The Office of Commercial Vessel Compliance published Policy Letter 19-03, “Guidance for Vessel Requests to Participate in Hurricane Operations,” to provide guidelines to District Commanders, Sector Commanders, and Officers in Charge, Marine Inspection (OCMI) when considering requests for vessels to participate in hurricane relief efforts.
This policy letter will expire Jan. 31, 2020.
The Coast Guard recognizes that sealift capacity is an efficient and effective means to provide relief supplies following hurricane damage. Vessels operating within the conditions outlined in their Certificate of Inspection (COI), generally, do not need additional permission from the Coast Guard to engage in relief operations. When the Coast Guard Sector Commander, U.S. Maritime Administration (MARAD), Federal Emergency Management Agency (FEMA), or other government agency identifies that a sufficient number or type of vessels are not available to provide the needed support, it may be appropriate for the Coast Guard to permit certain exemptions or equivalencies to facilitate relief efforts.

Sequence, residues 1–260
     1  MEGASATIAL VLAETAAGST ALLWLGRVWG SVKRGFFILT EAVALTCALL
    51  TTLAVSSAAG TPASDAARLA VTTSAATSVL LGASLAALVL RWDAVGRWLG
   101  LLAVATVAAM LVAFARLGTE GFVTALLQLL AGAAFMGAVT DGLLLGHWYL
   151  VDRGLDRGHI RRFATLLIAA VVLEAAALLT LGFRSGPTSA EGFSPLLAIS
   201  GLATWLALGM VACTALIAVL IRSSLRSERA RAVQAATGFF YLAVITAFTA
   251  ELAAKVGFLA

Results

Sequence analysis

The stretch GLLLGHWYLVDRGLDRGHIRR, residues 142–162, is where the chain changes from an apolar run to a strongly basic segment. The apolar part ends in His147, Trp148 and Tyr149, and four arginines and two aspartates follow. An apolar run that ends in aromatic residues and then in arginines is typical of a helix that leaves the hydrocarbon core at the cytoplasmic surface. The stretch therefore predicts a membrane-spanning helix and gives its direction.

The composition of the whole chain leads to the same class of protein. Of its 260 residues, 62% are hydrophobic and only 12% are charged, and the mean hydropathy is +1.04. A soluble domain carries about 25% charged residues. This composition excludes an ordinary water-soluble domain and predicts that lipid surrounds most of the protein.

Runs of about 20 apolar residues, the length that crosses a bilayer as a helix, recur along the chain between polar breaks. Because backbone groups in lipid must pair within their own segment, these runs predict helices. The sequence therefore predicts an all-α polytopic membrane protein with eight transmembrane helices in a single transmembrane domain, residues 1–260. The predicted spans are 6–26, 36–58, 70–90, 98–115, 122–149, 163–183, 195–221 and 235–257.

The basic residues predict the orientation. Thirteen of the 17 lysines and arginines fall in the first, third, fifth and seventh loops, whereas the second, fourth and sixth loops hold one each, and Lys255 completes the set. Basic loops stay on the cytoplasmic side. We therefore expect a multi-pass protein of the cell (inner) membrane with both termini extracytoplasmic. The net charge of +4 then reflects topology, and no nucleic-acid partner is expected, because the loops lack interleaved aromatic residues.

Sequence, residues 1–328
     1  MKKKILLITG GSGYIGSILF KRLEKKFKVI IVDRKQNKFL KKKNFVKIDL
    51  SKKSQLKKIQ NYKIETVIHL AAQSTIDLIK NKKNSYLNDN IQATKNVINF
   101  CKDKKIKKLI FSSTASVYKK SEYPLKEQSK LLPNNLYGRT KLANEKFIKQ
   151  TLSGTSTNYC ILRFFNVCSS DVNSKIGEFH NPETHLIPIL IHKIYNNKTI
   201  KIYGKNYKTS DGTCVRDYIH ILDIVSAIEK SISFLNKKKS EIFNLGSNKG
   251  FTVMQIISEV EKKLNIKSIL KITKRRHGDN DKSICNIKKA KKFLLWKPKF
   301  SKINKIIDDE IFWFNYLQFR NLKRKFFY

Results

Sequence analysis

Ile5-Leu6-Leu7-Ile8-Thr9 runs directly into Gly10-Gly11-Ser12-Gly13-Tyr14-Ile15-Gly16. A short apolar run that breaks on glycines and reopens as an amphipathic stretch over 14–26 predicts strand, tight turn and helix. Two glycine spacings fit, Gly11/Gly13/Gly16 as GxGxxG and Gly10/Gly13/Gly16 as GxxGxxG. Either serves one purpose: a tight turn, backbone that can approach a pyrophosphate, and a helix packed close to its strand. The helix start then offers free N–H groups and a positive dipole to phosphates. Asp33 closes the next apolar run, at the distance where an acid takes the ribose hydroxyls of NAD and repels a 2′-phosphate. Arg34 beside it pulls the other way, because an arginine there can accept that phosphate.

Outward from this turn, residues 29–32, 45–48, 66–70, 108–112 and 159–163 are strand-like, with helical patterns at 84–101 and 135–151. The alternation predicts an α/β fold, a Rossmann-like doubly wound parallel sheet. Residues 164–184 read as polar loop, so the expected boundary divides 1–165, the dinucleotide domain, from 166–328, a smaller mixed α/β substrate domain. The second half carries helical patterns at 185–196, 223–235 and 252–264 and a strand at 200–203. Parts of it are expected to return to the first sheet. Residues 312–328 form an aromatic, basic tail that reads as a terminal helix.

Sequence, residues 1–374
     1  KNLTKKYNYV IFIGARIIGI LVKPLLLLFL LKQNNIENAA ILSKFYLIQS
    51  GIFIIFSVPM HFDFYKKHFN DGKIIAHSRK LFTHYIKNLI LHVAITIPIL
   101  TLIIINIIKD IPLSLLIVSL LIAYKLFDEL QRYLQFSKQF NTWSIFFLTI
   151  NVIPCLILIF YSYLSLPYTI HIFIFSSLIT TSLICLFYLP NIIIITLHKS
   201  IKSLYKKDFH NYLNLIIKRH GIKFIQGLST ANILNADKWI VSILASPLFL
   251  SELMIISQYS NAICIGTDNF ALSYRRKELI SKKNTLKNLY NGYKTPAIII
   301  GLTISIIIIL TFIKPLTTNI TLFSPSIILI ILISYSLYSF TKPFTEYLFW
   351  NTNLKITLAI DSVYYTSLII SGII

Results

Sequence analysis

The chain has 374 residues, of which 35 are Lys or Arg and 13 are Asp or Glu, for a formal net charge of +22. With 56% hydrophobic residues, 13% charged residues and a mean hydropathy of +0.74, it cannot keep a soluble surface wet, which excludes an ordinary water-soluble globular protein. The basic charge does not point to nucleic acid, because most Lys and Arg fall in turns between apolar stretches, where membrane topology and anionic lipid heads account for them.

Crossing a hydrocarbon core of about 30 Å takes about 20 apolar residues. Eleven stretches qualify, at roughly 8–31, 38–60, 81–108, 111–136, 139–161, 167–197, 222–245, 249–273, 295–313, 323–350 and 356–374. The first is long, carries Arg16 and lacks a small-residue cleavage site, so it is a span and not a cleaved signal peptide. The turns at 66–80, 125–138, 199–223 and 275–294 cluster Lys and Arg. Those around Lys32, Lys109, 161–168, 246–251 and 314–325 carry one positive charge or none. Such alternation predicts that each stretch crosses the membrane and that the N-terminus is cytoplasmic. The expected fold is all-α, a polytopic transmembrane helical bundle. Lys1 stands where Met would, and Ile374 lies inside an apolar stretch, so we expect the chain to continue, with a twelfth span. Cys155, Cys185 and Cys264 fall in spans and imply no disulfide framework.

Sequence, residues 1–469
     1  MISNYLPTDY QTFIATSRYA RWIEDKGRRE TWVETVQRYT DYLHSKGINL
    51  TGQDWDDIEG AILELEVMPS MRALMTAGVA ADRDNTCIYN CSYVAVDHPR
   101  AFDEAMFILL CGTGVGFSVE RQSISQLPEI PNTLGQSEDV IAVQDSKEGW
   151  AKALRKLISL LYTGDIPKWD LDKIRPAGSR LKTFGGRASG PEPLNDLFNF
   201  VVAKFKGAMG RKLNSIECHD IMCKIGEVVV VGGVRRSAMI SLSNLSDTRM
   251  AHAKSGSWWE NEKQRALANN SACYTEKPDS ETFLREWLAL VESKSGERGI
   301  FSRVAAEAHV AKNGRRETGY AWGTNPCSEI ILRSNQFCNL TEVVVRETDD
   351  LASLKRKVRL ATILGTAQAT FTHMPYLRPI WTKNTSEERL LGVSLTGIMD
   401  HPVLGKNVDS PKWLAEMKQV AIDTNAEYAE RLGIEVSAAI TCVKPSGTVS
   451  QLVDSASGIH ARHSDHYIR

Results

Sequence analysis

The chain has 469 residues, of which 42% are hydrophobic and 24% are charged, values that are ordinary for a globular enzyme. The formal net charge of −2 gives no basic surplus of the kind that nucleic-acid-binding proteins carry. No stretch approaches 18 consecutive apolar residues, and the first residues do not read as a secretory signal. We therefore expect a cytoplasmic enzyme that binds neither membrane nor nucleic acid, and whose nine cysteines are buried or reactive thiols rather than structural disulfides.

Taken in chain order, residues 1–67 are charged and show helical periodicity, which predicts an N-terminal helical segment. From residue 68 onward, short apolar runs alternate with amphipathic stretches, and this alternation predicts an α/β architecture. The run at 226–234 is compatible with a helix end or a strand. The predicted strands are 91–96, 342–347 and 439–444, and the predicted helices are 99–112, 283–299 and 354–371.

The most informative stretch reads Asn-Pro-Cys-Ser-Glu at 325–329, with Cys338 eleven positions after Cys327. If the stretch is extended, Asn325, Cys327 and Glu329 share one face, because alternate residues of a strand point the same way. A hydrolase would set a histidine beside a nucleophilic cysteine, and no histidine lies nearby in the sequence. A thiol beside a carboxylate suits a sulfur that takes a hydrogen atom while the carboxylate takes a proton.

Vessels requiring exemptions or equivalency determinations to support hurricane relief efforts may require approval from the Office of Commercial Vessel Compliance (CG-CVC), the Office of Design and Engineering Standards (CG-ENG), or the Marine Safety Center (MSC). Vessel owners and operators should submit these requests in writing to the local OCMI. If necessary, the OCMI will forward the request via the District Commander to CG-CVC for action. Requests should be accompanied by documentation showing the need for the vessel’s services, a gap analysis of the regulations the vessel does not meet, and a description of the relief activities that the vessel will perform.
For full details, read or download Policy Letter 19-03.
This blog is not a replacement or substitute for the formal posting of regulations and updates or existing processes for receiving formal feedback of the same. Links provided on this blog will direct the reader to official source documents, such as the Federal Register, Homeport and the Code of Federal Regulations. These documents remain the official source for regulatory information published by the Coast Guard.